A new party, a new campaign

The boss monster...or is he?

Back in May a local denominational-affiliated campus ministry group asked me, a pastor, if I would be willing to run a Dungeons & Dragons game for their members.  I'll admit I was flattered, intrigued, and most importantly excited because of the entire group, only one person (my son, Mac) had played D&D before.  Many of them had heard about the game, researched it online and watched videos and listened to podcasts, and a couple had even gone so far as to buy the Player's Guide, but that was it.
So I began to put together a campaign with the intent of "converting" people to becoming gamers.  My goal?  In one or two sessions to get them hooked, not to mention up to speed on the game's rules.  In addition, I wanted to try to instill my own ethos about what good roleplaying and group culture looked like.
And that was why I was excited.  And last night, we finally had our first session, and it was a blast.

I used "The Shunned Valley of the Three Tombs" by Raging Swan Press as the backbone of the first adventure.  The mini-module comes with a completely built village and small adventure area (the eponymous valley) with contains several clearly-defined areas each of which highlights a particular aspect of gameplay: roleplaying, exploration, trap detection, the undead, and "boss monster" fighting.  The valley and nearby village are also located on a larger region, a duchy, with several other communities and adventure locales, some of which are fleshed out by Raging Swan Press, so the campaign has the basic infrastructure for a hex-crawl/sandbox style of play.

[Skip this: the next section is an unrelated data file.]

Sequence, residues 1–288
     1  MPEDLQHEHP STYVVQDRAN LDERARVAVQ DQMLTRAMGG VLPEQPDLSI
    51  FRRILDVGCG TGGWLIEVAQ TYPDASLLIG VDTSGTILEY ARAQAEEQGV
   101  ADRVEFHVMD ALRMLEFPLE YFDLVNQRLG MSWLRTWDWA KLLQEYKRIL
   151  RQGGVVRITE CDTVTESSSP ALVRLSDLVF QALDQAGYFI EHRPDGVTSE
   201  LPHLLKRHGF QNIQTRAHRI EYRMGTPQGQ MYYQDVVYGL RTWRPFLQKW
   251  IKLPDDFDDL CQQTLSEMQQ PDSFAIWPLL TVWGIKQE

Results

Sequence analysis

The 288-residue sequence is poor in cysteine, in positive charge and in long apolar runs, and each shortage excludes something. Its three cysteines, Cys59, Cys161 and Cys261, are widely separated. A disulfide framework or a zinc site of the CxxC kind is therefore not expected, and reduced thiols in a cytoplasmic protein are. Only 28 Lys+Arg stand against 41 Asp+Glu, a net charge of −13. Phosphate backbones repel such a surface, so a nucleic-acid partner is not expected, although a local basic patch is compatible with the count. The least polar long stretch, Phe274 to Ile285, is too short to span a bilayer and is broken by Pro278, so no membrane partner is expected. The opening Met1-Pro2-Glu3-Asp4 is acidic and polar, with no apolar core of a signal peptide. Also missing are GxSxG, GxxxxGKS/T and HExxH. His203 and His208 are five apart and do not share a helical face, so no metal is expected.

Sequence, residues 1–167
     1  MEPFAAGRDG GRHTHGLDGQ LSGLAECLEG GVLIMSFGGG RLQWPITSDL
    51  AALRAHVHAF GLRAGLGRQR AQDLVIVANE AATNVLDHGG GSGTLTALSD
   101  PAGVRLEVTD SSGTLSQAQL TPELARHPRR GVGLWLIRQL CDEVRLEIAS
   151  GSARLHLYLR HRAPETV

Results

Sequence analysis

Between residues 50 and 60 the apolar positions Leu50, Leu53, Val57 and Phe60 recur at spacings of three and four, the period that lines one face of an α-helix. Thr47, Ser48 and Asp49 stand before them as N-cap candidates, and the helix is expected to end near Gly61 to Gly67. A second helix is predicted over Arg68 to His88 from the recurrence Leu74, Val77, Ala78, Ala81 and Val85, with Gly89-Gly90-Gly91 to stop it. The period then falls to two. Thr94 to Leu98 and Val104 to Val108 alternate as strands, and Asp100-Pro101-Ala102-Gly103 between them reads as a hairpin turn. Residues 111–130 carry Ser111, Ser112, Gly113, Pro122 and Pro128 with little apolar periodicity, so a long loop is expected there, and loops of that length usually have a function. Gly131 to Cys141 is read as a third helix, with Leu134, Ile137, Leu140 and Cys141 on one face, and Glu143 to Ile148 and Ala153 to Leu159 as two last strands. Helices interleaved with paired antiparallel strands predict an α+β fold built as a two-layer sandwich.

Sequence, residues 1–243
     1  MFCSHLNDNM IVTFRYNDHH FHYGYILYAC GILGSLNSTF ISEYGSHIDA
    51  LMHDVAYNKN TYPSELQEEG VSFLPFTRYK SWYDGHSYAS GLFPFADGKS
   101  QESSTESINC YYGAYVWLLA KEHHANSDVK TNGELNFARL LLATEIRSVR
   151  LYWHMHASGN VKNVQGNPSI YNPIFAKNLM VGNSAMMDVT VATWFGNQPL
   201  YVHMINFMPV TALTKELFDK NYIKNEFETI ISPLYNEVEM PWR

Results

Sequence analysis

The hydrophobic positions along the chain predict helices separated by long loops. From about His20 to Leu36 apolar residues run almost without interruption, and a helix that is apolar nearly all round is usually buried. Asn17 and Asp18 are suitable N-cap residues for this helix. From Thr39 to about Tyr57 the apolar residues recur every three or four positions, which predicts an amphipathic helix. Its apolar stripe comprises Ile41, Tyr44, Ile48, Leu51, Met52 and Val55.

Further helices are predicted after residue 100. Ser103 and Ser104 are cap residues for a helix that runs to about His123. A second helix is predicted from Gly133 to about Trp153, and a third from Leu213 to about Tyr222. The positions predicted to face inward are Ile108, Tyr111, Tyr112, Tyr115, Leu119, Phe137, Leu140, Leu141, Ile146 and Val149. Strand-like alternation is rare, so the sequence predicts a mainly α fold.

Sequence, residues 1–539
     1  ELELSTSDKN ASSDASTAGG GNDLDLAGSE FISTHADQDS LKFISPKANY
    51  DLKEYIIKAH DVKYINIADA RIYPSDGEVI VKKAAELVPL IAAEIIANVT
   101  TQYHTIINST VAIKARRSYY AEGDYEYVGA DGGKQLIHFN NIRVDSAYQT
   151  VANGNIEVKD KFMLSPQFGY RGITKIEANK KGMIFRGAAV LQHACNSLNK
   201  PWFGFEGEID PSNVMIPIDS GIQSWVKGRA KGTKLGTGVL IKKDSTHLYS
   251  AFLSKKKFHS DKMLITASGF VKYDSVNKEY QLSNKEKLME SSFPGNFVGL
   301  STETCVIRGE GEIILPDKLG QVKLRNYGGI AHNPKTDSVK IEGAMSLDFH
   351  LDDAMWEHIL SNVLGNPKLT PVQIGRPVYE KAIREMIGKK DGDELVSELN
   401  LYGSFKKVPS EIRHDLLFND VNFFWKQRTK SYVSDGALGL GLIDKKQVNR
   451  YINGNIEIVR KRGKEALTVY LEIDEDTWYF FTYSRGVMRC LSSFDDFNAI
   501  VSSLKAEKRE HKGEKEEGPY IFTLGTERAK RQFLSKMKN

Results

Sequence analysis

What I realized about this group immediately was that I had no less than three "class clowns" in the mix (one of which was Mac, who I already knew about).  It made me reflect on gamers as a whole, and I've often found that the constantly joking, loud bon vivant is a frequent social "mask" gamers put on, especially when confronted with strangers in the nerd/geek tribe.  At first as a GM I was a little peeved as the constant raucousness, but then realized that not only was this group (who had one outsider in the mix, a college-aged player who was not in the campus ministry community and one of the three clowns) trying to get to know each other, but they were having fun.  And ultimately that's what they, and I, were all here for.

So we will see how it goes.  Stay tuned.


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